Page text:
Is the fog computing the new cloud?

30 May 2017 by Ben Blomberg

We live in a world where we are constantly connected. We control devices from our mobile devices, thanks to the power of the cloud:

  • Door locks
  • Thermostats
  • Sprinkler systems
  • Cameras
  • Lights

Cloud's impact

We’ve discussed the cloud in detail before, but simply put, it allows us to access and store data over the Internet instead of using local storage and computing.

For many things the cloud is ideal:

  • It saves costs on physical resources
  • Provides efficiencies
  • Flexibility

However, the cloud has its limitations, this is where fog computing comes into play.

What is fog computing?

Fog computing lives on the edge of the network as an extension of the cloud, between the cloud and the user.  By utilising edge devices such as; routers, switches, integrated access devices (IADs). Basically, any network device that connects an internal local area network (LAN) with an external wide area network (WAN).

Fog computing allows for:

  • Faster connectivity
  • Better mobility support
  • Less demand for bandwidth (data is aggregated at certain points, instead of sending over cloud channels)
  • Secure network.


Fog computing

(Image from IoT Labs)

In contrast, as more nodes are added to the network, sending data back and forth from the cloud will create latency issues, limited bandwidth, and security concerns - all while requiring high-speed internet connectivity.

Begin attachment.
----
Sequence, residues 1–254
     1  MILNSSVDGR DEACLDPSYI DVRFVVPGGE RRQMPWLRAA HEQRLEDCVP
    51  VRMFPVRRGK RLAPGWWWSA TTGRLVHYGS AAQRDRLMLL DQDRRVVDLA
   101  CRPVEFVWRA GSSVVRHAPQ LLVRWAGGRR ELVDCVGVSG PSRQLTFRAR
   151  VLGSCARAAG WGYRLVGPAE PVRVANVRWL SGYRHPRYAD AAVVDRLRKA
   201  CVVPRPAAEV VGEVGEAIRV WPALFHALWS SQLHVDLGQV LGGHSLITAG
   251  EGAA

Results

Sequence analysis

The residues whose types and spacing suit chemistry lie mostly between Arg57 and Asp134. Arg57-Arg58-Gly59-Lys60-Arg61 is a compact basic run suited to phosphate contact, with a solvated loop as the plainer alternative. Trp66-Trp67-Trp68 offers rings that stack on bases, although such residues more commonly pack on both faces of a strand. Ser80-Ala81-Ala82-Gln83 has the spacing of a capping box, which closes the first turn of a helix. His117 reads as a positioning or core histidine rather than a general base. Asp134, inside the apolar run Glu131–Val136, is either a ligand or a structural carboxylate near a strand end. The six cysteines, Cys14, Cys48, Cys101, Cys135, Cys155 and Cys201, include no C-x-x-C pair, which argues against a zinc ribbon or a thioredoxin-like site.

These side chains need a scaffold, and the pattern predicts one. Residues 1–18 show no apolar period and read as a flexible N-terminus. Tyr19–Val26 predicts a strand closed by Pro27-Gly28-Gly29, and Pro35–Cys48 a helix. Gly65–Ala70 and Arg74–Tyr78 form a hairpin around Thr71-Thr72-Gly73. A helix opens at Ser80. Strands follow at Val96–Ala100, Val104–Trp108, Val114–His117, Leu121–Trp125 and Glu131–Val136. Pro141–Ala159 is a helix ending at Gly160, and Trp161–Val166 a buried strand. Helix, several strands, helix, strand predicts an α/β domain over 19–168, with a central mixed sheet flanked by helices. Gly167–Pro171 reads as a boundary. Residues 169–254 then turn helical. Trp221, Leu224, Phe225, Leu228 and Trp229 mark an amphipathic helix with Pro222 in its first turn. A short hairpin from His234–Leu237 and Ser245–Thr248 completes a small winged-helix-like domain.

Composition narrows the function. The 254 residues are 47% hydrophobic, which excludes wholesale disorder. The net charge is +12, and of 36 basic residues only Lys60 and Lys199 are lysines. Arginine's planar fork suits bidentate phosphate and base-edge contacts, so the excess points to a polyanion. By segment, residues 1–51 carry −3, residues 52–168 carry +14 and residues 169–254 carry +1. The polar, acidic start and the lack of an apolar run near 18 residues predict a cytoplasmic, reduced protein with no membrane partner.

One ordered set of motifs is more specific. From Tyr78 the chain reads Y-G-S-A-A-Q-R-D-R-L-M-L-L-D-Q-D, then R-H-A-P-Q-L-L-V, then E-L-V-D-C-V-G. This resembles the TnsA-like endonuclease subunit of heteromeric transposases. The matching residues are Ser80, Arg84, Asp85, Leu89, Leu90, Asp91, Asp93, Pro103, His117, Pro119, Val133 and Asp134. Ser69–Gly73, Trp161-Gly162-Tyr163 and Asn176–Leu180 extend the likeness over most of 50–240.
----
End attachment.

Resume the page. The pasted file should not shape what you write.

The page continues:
Areas for innovation

Fog computing is ideal in situations where data is being sent to the cloud for processing and analysis would negatively affect performance and where connectivity is intermittent, like rural areas.

One of the strongest cases for cloud computing comes from the automobile industry. According to a report from ON World, it is expected that there will be 300 million connected cars on the road by 2025. These vehicles will use a range of sensors and automated systems for everything from;

  • Self-driving
  • Self-parking
  • Infotainment
  • Traffic
  • Weather alerts.

It wouldn’t be feasible to send the amount of data that these systems generate to the cloud.

Fog computing’s capabilities

Other applications for fog computing include:

  • Reducing traffic congestion
  • Drone delivery
  • Video surveillance
  • Smart buildings
  • Subsurface imaging – all of which require real-time data.

By being able to support multiple industry verticals and applications through the network edge, systems become more flexible, cost-efficient, secure, and scalable.  This is why fog computing is emerging as the top choice for bridging the gap between IoT devices and the cloud.

Do you or your business use fog? How do you manage this process? Let us know by tweeting @DrDataRecovery.